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In this novel Idek is the Kapo or commander of a group of prisoners who are charged with working in an electrical warehouse. Both the narrator and his father are in this Kommando or group. Before the narrator meets Idek, he is told by Juliek, another prisoner, that Idek has "occasional fits of madness" and is warned to try and stay away from him.
The narrator himself experiences one of these "fits of madness" one day:
One day when Idek was venting his fury, I happened to cross his path. He threw himself on me like a wild beast, beating me in the chest, on my head, throwing me to the ground and picking me up again, crushing me with ever more violent blows, until I was covered in blood. As I bit my lips in order not to howl with pain, he must have mistaken my silence for defiance and so he continued to hit me harder and harder.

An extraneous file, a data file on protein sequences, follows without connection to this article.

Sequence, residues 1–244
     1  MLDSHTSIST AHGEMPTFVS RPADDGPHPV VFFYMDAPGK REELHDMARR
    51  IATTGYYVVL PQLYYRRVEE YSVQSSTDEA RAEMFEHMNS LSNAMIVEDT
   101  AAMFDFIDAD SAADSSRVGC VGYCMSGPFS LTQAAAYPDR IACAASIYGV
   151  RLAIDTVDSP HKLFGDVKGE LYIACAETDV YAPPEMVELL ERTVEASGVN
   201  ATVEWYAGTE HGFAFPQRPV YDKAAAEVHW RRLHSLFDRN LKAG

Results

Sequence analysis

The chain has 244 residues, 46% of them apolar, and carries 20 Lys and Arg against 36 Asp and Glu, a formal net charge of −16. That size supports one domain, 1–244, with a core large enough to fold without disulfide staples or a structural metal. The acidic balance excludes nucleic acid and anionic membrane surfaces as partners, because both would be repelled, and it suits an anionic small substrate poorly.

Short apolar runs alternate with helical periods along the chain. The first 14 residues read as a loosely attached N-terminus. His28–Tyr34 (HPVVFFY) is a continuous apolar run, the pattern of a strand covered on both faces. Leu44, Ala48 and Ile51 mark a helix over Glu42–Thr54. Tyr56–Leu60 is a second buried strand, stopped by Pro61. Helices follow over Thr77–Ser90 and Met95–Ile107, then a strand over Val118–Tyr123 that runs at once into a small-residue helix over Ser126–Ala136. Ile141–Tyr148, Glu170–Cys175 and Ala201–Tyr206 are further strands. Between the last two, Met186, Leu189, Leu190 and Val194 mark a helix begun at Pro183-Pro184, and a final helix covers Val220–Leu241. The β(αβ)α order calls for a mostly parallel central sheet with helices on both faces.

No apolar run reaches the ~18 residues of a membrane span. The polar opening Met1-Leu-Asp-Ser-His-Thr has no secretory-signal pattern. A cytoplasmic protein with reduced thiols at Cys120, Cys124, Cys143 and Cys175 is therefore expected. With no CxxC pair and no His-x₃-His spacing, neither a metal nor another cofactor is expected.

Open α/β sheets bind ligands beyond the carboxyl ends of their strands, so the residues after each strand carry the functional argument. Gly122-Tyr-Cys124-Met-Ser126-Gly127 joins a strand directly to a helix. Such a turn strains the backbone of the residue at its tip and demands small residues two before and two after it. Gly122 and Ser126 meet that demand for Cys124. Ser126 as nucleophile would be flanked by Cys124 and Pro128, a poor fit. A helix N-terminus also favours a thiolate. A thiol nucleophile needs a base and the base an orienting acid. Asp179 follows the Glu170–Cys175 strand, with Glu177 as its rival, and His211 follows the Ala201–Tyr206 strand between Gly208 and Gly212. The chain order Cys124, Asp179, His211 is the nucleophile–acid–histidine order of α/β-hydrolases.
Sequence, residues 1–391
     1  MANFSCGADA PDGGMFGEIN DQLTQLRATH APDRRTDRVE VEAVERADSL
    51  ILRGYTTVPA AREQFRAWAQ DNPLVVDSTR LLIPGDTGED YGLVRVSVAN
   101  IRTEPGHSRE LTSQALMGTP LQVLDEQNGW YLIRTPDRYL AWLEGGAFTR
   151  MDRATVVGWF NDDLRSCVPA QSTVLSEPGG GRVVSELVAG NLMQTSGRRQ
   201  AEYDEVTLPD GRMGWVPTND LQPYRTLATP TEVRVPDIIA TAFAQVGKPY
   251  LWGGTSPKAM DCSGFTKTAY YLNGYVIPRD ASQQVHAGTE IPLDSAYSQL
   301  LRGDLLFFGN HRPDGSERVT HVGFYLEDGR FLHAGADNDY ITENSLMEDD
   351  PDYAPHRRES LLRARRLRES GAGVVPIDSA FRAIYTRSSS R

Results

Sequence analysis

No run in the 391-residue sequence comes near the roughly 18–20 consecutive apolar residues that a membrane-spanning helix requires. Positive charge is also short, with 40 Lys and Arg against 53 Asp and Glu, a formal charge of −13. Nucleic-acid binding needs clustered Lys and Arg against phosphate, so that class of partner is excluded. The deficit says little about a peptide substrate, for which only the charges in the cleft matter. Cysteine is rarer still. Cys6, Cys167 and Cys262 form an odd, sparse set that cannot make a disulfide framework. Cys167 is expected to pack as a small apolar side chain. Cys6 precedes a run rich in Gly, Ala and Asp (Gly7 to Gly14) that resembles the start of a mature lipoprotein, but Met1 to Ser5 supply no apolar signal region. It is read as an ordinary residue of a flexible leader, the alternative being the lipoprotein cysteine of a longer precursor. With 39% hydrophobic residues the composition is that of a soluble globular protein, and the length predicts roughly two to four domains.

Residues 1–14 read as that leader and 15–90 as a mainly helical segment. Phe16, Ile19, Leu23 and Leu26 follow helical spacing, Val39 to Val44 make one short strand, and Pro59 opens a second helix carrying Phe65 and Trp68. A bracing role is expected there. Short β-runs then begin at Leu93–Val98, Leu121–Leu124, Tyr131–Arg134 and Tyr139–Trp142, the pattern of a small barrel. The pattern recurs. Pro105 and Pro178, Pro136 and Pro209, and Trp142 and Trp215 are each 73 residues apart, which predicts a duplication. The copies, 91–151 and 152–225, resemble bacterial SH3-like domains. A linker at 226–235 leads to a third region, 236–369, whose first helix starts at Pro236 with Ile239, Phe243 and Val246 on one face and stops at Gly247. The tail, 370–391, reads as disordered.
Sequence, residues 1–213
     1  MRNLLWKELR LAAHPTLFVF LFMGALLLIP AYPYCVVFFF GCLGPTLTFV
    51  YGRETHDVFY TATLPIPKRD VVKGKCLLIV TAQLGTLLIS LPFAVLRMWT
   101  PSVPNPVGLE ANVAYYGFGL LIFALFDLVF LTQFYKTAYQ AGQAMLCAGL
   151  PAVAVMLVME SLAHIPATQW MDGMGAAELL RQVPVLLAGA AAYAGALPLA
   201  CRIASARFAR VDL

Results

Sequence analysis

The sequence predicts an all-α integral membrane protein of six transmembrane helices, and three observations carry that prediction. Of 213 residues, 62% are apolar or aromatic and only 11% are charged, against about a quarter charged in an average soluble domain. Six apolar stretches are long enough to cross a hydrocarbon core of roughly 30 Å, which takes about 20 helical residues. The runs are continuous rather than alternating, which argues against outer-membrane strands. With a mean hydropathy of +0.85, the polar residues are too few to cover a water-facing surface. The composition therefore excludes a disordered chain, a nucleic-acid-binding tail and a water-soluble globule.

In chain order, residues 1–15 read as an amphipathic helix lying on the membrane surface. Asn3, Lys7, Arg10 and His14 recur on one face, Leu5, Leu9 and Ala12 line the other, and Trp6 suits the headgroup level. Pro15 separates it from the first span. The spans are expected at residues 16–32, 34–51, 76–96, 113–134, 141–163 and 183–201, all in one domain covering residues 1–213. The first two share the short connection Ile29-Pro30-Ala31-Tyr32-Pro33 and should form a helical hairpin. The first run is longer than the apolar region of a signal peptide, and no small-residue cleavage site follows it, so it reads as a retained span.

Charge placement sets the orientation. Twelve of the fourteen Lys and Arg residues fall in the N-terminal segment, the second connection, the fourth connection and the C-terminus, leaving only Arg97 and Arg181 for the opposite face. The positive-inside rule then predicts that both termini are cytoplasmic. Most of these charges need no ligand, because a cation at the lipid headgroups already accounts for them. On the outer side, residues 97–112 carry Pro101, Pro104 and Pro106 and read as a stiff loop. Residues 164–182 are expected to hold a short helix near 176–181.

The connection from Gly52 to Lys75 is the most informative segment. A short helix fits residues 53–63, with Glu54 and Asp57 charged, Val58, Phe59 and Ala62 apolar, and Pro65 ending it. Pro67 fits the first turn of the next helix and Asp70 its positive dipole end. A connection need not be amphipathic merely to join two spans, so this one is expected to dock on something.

Abruptly, he calmed down and sent me back to work as if nothing had happened. As if we had taken part in a game in which both roles were of equal importance.
Idek of course later beats the narrator's father, but then also arranges for all of his Kommando to work outside so he can sleep with a Polish prisoner. When the narrator sees him with the Polish girl, Idek later whips the narrator, threatening much worse if he ever speaks of what he saw.
Idek is one further example of how dehumanising the Jews makes them dehumanise other Jews and themselves. We see many examples of this throughout the novel, for example when a son willingly kills his father for a scrap of bread thrown to him by "helpful" German passers-by. Idek is given a limited amount of authority and he abuses that at whim to oppress others. Of course, whilst he is able to abuse his power in this way, he is still living under the same danger as his underlings, and so it is important to remember the same realities and threat of death would have affected him as well.
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